Do you need to evict a tenant?
Are you a landlord experiencing problems with your tenant? Perhaps your tenant stopped paying the rent. Maybe your tenant is violating a term of the rental agreement, such as smoking or having pets when the lease says that smoking and pets are not allowed. Or perhaps your tenant is damaging your home or causing a nuisance with the neighbors. If any of these scenarios sound familiar, you may need to evict your tenant.
The first necessary step for a successful eviction predicated on any of the above reasons is the 3 day eviction notice. A landlord is required to draft and serve the termination notice on the tenant prior to beginning an eviction case in court. The notice is an absolute prerequisite for an eviction case that is based on any of the above reasons. Furthermore, the landlord and tenant may NOT contract away the notice requirement. Any provision in the rental agreement that says a 3 day notice is not needed is unenforceable.
It is crucial that the termination notice is filled out correctly. An incorrect termination notice could invalidate your entire eviction, costing you more time and money because you would have to start the process over from the beginning. If you do not include the correct information on your termination notice, or if you serve it incorrectly, you are likely to lose your eviction case. The courts in Los Angeles are very strict about making sure the notice is accurate. If you have any doubts as to the legality of your notice, consult a legal professional immediately.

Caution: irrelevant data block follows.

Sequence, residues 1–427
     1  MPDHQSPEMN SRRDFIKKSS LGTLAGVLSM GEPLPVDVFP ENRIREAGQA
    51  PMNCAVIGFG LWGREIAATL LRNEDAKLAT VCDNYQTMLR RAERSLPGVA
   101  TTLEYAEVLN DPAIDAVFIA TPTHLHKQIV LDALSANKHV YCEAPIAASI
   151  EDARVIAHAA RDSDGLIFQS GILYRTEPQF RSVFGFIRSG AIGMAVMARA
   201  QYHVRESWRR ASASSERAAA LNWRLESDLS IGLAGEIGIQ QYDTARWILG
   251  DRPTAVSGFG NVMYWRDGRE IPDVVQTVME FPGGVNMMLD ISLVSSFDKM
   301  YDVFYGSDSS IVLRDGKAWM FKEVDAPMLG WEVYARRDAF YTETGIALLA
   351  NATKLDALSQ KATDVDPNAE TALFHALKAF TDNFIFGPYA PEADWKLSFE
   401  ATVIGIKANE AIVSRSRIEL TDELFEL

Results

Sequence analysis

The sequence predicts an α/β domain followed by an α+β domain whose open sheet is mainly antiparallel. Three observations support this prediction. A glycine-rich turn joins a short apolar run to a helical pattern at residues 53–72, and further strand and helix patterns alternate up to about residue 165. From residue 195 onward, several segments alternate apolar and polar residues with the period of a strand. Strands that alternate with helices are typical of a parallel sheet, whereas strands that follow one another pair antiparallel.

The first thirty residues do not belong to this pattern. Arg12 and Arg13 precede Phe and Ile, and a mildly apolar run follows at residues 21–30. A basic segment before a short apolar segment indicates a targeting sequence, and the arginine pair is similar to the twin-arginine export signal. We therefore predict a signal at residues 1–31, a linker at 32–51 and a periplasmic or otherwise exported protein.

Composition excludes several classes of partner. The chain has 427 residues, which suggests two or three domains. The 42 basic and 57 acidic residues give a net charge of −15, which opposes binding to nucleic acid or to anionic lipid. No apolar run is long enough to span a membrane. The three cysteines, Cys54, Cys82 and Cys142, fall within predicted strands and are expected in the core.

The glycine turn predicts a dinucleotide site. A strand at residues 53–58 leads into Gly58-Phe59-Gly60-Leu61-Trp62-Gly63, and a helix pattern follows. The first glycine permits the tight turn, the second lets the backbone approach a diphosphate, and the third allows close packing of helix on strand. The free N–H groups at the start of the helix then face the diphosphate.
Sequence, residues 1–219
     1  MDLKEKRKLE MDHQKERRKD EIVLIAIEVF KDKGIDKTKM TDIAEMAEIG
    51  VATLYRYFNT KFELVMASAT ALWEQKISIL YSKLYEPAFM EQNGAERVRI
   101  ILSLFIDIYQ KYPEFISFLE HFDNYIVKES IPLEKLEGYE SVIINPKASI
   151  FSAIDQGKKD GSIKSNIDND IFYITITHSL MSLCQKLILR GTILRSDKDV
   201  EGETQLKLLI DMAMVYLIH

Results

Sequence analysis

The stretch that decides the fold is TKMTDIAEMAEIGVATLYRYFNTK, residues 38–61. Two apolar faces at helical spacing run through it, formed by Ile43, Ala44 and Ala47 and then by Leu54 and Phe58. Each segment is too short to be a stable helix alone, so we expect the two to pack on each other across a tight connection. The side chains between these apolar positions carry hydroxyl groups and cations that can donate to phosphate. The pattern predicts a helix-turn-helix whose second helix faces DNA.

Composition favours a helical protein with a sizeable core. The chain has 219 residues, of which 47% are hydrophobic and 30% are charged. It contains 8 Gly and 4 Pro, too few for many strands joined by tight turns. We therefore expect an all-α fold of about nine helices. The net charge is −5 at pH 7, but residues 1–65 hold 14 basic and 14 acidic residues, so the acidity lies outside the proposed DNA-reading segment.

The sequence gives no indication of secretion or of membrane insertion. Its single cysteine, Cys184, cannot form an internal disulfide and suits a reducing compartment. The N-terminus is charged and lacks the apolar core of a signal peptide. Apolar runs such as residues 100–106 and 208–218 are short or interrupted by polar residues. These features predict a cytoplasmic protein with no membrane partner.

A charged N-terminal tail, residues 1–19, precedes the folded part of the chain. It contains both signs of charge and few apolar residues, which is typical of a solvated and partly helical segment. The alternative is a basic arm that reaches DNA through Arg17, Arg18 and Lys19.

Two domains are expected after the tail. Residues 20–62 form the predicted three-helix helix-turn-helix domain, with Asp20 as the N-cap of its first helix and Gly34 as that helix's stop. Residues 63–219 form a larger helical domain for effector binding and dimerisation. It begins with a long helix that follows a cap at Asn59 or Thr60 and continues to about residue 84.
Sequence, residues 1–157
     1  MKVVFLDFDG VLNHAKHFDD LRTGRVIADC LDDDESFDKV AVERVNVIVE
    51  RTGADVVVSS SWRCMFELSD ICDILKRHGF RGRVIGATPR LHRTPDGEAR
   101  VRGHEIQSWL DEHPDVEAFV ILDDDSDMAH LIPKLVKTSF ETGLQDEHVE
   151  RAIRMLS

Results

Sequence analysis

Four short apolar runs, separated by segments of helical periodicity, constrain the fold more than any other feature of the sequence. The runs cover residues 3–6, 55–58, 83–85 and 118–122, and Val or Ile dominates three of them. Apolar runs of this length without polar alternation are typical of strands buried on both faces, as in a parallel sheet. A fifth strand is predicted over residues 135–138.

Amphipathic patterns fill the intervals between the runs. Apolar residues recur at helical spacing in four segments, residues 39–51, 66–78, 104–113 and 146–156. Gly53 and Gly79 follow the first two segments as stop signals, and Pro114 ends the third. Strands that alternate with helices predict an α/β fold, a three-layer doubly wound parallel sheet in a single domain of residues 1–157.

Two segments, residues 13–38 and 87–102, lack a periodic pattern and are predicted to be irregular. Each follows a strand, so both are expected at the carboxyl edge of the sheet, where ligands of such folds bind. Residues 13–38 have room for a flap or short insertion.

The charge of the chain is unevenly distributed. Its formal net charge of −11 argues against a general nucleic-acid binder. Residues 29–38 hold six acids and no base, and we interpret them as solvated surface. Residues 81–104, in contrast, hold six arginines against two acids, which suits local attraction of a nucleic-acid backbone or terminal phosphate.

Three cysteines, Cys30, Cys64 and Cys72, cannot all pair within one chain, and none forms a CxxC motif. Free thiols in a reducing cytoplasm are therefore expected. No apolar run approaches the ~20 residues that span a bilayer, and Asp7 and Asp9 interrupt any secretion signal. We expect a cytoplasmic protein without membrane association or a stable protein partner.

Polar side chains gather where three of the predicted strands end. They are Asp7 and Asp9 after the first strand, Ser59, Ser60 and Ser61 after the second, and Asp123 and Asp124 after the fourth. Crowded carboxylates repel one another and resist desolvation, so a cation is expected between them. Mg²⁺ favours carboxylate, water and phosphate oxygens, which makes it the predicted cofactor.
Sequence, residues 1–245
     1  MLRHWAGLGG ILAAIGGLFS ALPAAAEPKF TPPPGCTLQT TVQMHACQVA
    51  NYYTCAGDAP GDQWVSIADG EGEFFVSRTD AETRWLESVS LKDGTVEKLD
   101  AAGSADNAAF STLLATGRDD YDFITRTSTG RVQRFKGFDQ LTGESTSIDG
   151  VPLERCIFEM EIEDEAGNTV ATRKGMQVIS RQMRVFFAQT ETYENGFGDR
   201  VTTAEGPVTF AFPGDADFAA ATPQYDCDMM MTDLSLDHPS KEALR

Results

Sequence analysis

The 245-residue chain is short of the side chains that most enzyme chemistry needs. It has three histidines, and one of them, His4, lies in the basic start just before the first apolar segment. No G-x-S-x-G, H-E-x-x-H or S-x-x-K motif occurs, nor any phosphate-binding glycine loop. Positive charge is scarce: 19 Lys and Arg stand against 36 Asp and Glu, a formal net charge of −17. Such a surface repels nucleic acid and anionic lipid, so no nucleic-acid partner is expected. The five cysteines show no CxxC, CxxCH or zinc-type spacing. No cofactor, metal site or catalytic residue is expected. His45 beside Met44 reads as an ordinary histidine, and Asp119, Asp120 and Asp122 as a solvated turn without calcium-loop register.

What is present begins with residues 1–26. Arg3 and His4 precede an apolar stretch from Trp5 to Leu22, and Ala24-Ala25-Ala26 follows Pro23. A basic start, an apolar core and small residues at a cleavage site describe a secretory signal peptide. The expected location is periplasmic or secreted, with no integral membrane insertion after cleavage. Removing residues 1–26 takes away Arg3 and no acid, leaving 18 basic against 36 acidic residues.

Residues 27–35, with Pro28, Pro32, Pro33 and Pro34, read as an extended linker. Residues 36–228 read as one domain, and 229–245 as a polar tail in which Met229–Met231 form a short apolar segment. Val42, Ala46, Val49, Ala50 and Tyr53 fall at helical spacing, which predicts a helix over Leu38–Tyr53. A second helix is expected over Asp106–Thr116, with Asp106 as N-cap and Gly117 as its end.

The type of 3 day eviction notice that you serve on your tenant will vary depending on the reason for eviction. For example, if your tenant is behind in the rent, you would serve the tenant with a “3 Day Notice to Pay Rent or Quit.” This means, within 3 days of properly serving the tenant with the notice, the tenant must either pay the rent that they owe, or move out of the house. If your tenant is violating a term of the rental agreement, you should serve the tenant with a “3 Day Notice to Cure Covenant or Quit.” This type of notice gives the tenant 3 days to fix their violation. It is important to note that if your tenant “cures” their violation within 3 days, whether they pay their rent or comply with the terms of the rental agreement, you cannot evict them based on the 3 day notice if they have corrected the problem.
There is another type of termination notice called the “3 Day Notice to Quit.” This type of termination notice does not allow the tenant to “cure” their violation. This can only be used if the tenant is damaging the property, causing a nuisance, or illegally assigning or sub-leasing. Strict guidelines must be met.
Regardless of the type of 3 day notice used, landlords must be sure to include the proper language in the 3 day notice and serve the 3 day notice correctly. Failure to do either may cause the landlord to lose the eviction case. Read more about how to evict a tenant.